Lando Norris (Carlin, 1m28.362s) was unbeatable in the first FIA Formula 3 European Championship qualifying at the 4.307 kilometres long Circuit Zandvoort: the McLaren junior driver secured his sixth pole position of the season. However, the rivals of the British talent followed closely. Team-mate Ferdinand Habsburg (Carlin, 1m28.374s) ended up in second place, only 0.012 seconds down on Norris while Joel Eriksson (Motopark, 1m28.442s) was classified third, 0.080 seconds down on Norris. Points’ leader Maximilian Günther (Prema Powerteam, 1m28.520s) claimed fourth place from Callum Ilott (Prema Powerteam, 1m28.521s) and Ralf Aron (Hitech Grand Prix, 1m28.644s). In total, the lap times of 16 drivers were within one second.

Eight minutes into the session, Lando Norris got involved in the battle for the fastest time and soon after that, he already topped the time sheets. In the remainder of qualifying, the 17-year-old managed to improve his lap time more and more so that he eventually came out on top. Ferdinand Habsburg was happy with his second place, the best FIA Formula 3 European Championship qualifying result for the great-grandson of the last Austrian Emperor Karl I to date. Behind the Carlin duo, Joel Eriksson came third. In the drivers’ standings, he ranks only eight points behind Norris. The current FIA Formula 3 European Championship points’ leader Maximilian Günther will be starting from fourth place on the grid for the 19th race of the season in the junior category.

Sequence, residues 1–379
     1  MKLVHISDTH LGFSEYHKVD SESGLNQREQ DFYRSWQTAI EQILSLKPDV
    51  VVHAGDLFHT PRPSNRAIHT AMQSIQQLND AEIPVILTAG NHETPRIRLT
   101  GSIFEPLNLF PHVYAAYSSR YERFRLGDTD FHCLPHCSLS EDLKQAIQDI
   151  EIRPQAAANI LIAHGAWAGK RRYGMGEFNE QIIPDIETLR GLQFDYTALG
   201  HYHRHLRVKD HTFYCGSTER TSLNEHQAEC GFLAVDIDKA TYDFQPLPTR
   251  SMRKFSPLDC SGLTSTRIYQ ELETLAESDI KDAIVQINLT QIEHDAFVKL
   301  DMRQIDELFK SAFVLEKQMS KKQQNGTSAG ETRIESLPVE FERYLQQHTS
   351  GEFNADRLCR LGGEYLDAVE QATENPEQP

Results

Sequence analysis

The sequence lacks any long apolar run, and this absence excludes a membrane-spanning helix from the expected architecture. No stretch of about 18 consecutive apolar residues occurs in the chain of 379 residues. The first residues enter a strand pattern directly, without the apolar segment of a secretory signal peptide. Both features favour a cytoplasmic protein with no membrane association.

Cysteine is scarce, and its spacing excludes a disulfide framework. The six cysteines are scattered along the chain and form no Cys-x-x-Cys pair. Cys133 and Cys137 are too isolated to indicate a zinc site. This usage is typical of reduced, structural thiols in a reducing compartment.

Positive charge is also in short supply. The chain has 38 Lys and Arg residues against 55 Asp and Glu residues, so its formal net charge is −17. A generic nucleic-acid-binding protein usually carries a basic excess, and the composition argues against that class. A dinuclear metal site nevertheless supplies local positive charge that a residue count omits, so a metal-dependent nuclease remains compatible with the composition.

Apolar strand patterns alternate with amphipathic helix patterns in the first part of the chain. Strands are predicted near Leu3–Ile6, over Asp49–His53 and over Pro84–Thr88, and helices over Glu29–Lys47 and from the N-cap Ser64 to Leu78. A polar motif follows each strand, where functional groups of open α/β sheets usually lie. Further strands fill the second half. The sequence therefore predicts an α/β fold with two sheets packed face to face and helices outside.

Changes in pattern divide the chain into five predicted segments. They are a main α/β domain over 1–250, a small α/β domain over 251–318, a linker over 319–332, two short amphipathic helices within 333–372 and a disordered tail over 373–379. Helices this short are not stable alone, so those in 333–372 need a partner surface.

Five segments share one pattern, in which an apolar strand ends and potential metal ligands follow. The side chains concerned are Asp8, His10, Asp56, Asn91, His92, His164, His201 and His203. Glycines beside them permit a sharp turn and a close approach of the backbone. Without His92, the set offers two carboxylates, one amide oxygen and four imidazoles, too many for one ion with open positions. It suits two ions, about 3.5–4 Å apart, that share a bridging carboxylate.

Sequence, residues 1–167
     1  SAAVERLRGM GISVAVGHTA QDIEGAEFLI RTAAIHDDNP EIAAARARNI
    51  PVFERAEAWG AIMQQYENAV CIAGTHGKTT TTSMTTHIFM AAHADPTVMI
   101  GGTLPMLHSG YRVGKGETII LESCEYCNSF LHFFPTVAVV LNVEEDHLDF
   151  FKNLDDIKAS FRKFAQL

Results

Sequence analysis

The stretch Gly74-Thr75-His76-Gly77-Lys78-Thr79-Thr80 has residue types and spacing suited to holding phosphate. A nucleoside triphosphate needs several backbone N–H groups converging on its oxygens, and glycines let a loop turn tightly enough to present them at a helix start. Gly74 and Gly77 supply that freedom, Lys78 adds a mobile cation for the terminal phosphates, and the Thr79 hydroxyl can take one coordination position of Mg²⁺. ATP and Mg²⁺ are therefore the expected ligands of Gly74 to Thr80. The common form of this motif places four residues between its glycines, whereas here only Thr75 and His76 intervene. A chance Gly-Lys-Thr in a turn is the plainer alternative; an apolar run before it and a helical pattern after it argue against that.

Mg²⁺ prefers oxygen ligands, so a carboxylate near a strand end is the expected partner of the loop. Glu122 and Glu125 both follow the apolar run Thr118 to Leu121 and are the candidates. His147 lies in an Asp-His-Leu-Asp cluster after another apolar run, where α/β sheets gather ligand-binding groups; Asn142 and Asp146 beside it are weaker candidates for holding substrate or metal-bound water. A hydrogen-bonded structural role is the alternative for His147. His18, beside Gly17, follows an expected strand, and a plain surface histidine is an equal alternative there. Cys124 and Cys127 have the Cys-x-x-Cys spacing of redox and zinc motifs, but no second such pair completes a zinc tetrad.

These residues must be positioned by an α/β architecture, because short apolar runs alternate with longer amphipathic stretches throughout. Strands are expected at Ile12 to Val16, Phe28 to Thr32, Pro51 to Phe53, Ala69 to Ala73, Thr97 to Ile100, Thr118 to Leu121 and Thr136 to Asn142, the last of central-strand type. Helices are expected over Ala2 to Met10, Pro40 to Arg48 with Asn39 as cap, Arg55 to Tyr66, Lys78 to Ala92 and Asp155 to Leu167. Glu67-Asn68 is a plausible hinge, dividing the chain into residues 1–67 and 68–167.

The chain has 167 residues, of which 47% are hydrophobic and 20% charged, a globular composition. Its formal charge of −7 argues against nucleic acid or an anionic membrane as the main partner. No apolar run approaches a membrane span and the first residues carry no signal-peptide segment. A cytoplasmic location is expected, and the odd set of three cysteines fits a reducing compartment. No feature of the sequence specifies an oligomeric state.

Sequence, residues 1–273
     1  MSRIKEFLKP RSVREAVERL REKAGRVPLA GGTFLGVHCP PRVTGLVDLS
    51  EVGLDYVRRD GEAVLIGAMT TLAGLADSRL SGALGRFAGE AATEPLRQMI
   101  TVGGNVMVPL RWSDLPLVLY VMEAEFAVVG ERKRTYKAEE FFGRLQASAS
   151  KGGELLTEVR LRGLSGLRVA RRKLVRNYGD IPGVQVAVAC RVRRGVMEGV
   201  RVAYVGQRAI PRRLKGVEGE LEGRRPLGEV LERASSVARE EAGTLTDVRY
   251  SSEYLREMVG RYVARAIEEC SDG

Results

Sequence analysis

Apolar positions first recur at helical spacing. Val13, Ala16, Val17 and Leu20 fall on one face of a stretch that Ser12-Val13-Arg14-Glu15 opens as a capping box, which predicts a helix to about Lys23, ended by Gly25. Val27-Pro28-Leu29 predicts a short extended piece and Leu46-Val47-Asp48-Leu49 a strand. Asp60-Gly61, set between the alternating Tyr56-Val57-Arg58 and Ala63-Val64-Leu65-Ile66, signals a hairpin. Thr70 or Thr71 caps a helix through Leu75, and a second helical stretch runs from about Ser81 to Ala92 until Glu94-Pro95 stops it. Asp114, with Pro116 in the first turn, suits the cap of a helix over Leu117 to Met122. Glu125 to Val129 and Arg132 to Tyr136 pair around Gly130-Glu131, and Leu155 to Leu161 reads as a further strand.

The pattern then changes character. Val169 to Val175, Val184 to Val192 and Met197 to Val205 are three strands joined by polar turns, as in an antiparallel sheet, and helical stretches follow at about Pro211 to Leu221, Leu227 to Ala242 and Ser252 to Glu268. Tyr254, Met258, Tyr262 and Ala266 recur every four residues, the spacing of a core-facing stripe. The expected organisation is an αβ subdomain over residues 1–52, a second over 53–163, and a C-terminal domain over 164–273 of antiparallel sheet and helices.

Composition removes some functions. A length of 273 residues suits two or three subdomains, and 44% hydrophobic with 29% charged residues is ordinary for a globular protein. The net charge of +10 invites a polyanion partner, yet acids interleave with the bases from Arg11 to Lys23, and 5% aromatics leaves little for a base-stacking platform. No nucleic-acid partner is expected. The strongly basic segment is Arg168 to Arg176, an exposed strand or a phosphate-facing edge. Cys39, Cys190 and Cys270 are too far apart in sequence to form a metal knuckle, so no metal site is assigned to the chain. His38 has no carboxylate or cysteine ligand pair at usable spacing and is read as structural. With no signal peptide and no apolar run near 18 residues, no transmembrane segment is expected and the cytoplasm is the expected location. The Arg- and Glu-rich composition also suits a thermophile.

How close everything was at the ex-Formula 1 circuit in the Dutch dunes is reflected by the gap of fifth-placed Callum Ilott, who was merely 0.001 seconds behind his team-mate Maximilian Günther. Ralf Aron (Hitech Grand Prix, 1m28.644s), David Beckmann (Motopark, 1m28.735s), Guanyu Zhou (Prema Powerteam, 1m28.762s), Mick Schumacher (Prema Powerteam, 1m28.766s) and Jake Hughes (Hitech Grand Prix, 1m28.824s) rounded out the top ten in qualifying.

Lando Norris (Carlin): “It was a close fight for pole position with my team-mate, in which I eventually held the upper hand. For sure, we all assumed that we would be faster compared to free practice, but the track partly was very slippery. Thus, the improvements compared to free practice weren’t too big. I have to admit that I wasn’t certain whether my time would be enough for pole position. In the lap prior to my fastest time, I had quite some understeering in turn eight, but I was able to reduce the tyre temperature with a cool-down lap and then go faster again.”